Server Virtualization

Occasional Contributor

Server Virtualization

Hey Folks - We need your help. We were hoping, we could gain from your experience with implementing server virtualization. When should we be using Red Hat Virtualization, Citrix Virtualization, Xen Virtualization, Microsoft Virtualization, Oracle Virtualization and VMWare. I will be very interested in learning from your first hand experience. I will also like to know, under what situations is one virtualization preferred over the other. - Thanks for your help
Steven E. Protter
Exalted Contributor

Re: Server Virtualization


I have experience in two areas.

Straight xen virtualization.

Done in a sane fashion it can let you produce smaller, specialized machines. I used it to produce little web servers with their own IP address and https/ssl certificate.

If you try and put too many v-servers on one piece of hardware, you run into memory problems, i/o to disk problems and network throughput issues.

I also not by choice run linux v-servers running on a Microsoft host OS. This has been an unhappy experience. Windows gets busy once in a while and denies resources to my v-servers. With that set up I got all the problems I explained above plus the weaknesses of the Host OS, Windows 2003 server.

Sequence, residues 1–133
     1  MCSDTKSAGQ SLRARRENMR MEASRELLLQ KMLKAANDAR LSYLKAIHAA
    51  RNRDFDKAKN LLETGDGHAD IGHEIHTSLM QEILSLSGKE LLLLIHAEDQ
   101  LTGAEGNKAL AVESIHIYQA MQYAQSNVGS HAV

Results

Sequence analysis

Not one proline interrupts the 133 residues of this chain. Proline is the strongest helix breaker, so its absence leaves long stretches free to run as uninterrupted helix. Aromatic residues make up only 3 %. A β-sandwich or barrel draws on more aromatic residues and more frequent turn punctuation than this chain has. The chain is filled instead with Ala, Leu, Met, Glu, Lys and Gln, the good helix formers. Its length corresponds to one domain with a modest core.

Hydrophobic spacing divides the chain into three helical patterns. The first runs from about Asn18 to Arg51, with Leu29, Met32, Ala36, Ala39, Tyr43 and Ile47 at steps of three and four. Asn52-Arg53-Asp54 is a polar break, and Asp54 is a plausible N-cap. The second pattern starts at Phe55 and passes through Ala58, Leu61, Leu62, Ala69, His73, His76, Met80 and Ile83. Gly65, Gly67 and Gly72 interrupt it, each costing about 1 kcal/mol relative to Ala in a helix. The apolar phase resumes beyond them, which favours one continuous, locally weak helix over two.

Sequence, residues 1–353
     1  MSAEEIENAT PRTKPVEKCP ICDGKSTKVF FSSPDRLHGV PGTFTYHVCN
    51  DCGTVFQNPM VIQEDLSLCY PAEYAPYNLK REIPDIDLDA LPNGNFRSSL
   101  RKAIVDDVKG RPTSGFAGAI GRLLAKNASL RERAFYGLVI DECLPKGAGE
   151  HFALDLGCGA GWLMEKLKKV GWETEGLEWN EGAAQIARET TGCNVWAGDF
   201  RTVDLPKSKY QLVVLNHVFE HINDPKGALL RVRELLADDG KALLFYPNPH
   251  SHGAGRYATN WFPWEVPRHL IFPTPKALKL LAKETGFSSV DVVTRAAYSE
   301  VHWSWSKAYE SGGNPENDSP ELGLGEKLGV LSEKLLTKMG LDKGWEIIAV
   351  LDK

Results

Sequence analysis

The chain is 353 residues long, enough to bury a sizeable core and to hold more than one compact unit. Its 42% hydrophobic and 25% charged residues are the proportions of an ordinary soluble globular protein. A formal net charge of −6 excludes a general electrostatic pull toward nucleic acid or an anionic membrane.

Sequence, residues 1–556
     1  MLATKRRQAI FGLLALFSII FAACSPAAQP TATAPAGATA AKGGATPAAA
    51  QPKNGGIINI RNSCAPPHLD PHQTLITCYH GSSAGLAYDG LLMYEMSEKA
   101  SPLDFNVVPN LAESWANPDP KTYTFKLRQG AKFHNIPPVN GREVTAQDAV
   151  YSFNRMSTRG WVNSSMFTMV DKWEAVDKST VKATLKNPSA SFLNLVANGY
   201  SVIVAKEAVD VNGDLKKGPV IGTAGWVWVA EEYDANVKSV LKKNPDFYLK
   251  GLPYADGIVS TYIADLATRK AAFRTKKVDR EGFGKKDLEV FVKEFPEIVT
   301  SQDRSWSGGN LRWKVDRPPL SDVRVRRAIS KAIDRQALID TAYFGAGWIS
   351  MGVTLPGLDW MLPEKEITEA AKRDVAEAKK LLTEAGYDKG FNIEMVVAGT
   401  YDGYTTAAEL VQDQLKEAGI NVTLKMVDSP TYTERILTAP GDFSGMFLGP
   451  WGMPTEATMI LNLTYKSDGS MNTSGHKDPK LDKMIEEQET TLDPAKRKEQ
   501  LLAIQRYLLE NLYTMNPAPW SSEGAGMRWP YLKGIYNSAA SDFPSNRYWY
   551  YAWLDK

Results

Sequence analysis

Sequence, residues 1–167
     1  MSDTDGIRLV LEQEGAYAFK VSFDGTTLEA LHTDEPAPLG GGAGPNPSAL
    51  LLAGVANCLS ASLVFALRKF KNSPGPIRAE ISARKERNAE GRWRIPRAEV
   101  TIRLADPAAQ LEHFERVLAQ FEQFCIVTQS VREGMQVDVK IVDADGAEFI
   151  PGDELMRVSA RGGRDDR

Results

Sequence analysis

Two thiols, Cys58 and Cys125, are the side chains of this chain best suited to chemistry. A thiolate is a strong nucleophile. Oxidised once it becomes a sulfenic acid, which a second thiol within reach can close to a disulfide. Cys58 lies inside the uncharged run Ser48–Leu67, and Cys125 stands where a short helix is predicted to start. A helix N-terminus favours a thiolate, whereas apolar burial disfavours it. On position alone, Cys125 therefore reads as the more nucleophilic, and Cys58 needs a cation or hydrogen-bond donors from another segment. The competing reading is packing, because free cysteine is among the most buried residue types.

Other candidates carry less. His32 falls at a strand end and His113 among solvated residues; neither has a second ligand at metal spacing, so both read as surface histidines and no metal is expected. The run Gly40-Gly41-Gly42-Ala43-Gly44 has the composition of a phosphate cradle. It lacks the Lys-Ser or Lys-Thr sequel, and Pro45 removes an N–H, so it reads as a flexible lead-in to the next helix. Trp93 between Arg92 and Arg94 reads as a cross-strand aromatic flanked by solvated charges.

I use vmware on my laptop. I use it for configuration testing and such. I take a base system, test my patching methodology end to end and then restore the backup by closing the machine and copying a machine backup to the start location. Good tool, never load tested it.

Steven E Protter
Owner of ISN Corporation
Honored Contributor

Re: Server Virtualization

Red Hat, Oracle, and Citrix are all based on Xen. I've run Xen and VMWare systems.

VMWare Virtual Infrastructure (ESX) is the big name. If you have the money, I would recommend it over the others in most situations. There are plenty of third-party add-on products. Linux and Windows guests both work well. The admin console is the kind of pointy-clicky interface that people always think they need. The big down sides? A large VMWare environment costs a fortune, you may need to buy certified hardware for a real production environment, the admin console is slow and poorly designed, and unless you buy a product to do it you get almost no built-in reporting tools.

Xen works fine too, as long as you only need to run Linux guests and don't mind the relative lack of management tools. Xen with paravirtualized guests should usually be able to run better on small servers than VMWare will. There are various management tools for Xen, but I haven't found the ones I've looked at to be very impressive. I've done it all by hand, and the learning curve for that is a little steep. You can run Windows if you're on a new enough CPU, but everybody I've heard talk about it says it doesn't work very well yet.

VMWare Server is free, but it runs your VMs as processes inside a host OS just like an application. It works, but it's not nearly as fast as ESX. However, I think the VMWare Server console is actually better than the VirtualCenter/ESX client.
Honored Contributor

Re: Server Virtualization

Just to clarify - Citrix bought Xen a while back and will be (maybe already has? I haven't been following them) releasing products based on it. Xen has no relation to the older Citrix environment that's already in widespread use, which is more like a terminal server for Windows apps but can offer some of the same benefits as virtualization.